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Back pain are not due to some underlying diseases. It may be due to working out too much or lifting too much, prolonged sitting and lying down, sleeping in an uncomfortable position or wearing a poorly fitting backpack.

It can also result from injury, activity and some medical conditions. People of any age, can have back pain for different reasons. As people grow older, the chance of developing lower back pain increases, due to factors such as previous occupation and degenerative disk disease.

Lower back pain may be linked to the lumbar spine, discs between the vertebrae, ligaments around the spine and discs, spinal cord and nerves, lower back muscles, abdominal and pelvic internal organs, and the skin around the lumbar area.

Pain in the upper back may be due to disorders of the aorta, tumors in the chest, and spine inflammation.


Problems with the spine such as osteoporosis can lead to back pain.

The human back is composed of a complex structure of muscles, ligaments, tendons, disks, and bones, which work together to support the body and enable us to move around.

The segments of the spine are cushioned with cartilage-like pads called disks.

Problems with any of these components can lead to back pain. In some cases of back pain, its cause remains unclear.

Damage can result from strain, medical conditions, and poor posture, among others.


Back pain commonly comes from strain, tension, or injury.

Frequent causes of back pain are:

a)strained muscles or ligaments

b)a muscle spasm

c)muscle tension

d)damaged disks

e)injuries, fractures, or falls

Activities that can lead to strains or spasms include:

1)lifting something improperly

2)lifting something that is too heavy

3)making an abrupt and awkward movement

Structural problems

A number of structural problems may also result in back pain.

Ruptured disks: Each vertebra in the spine is cushioned by disks. If the disk ruptures there will be more pressure on a nerve, resulting in back pain.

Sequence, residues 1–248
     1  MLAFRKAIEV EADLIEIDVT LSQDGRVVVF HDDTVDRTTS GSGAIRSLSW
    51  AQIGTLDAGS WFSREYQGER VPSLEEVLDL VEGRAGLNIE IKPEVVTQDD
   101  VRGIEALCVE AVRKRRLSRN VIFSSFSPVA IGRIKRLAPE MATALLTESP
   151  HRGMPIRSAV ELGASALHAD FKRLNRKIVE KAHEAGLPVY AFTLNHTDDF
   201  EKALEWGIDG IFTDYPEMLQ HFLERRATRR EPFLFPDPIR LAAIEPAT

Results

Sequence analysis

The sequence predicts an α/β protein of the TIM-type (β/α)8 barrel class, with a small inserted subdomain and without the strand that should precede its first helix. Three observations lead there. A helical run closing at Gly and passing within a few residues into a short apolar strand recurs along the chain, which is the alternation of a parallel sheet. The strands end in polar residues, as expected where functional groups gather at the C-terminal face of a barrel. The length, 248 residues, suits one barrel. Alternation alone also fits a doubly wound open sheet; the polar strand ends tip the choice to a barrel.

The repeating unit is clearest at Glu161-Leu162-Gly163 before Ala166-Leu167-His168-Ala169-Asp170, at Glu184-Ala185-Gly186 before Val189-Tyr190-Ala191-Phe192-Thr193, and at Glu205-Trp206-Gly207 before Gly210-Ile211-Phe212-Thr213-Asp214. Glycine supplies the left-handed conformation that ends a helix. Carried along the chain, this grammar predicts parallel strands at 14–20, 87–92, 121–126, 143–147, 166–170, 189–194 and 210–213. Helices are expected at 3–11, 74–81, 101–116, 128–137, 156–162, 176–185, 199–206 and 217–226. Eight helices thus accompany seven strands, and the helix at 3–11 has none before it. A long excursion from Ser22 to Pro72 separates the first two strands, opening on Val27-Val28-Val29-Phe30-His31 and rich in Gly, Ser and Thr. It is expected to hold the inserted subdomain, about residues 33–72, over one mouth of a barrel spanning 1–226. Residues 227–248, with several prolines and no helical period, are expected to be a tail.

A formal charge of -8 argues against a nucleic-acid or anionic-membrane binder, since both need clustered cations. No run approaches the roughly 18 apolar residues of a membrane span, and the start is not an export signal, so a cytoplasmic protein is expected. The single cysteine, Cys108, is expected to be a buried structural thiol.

Bulging disks: In much the same way as ruptured disks, a bulging disk can result in more pressure on a nerve.

Sciatica: A sharp and shooting pain travels through the buttock and down the back of the leg, caused by a bulging or herniated disk pressing on a nerve.

Arthritis: Osteoarthritis can cause problems with the joints in the hips, lower back, and other places. In some cases, the space around the spinal cord narrows. This is known as spinal stenosis.

Abnormal curvature of the spine: If the spine curves in an unusual way, back pain can result. An example is scoliosis, in which the spine curves to the side.

Osteoporosis: Bones, including the vertebrae of the spine, become brittle and porous, making compression fractures more likely.

Kidney problems: Kidney stones or kidney infection can cause back pain.

Movement and posture:

Back pain can also result from some everyday activities or poor posture.

Examples include:

Adopting a very hunched sitting position when using computers can result in increased back and shoulder problems

Risk factors

The following factors are linked to a higher risk of developing low back pain:

a) occupational activities

b) pregnancy

c) a sedentary lifestyle

d)poor physical fitness

e) older age

f)obesity and excess weight


h)strenuous physical exercise or work, especially if done incorrectly

I)genetic factors

j)medical conditions, such as arthritis and cancer.

Lower back pain also tends to be more common in women than in men, possibly due to hormonal factors. Stress, anxiety, and mood disorders have also been linked to back pain.

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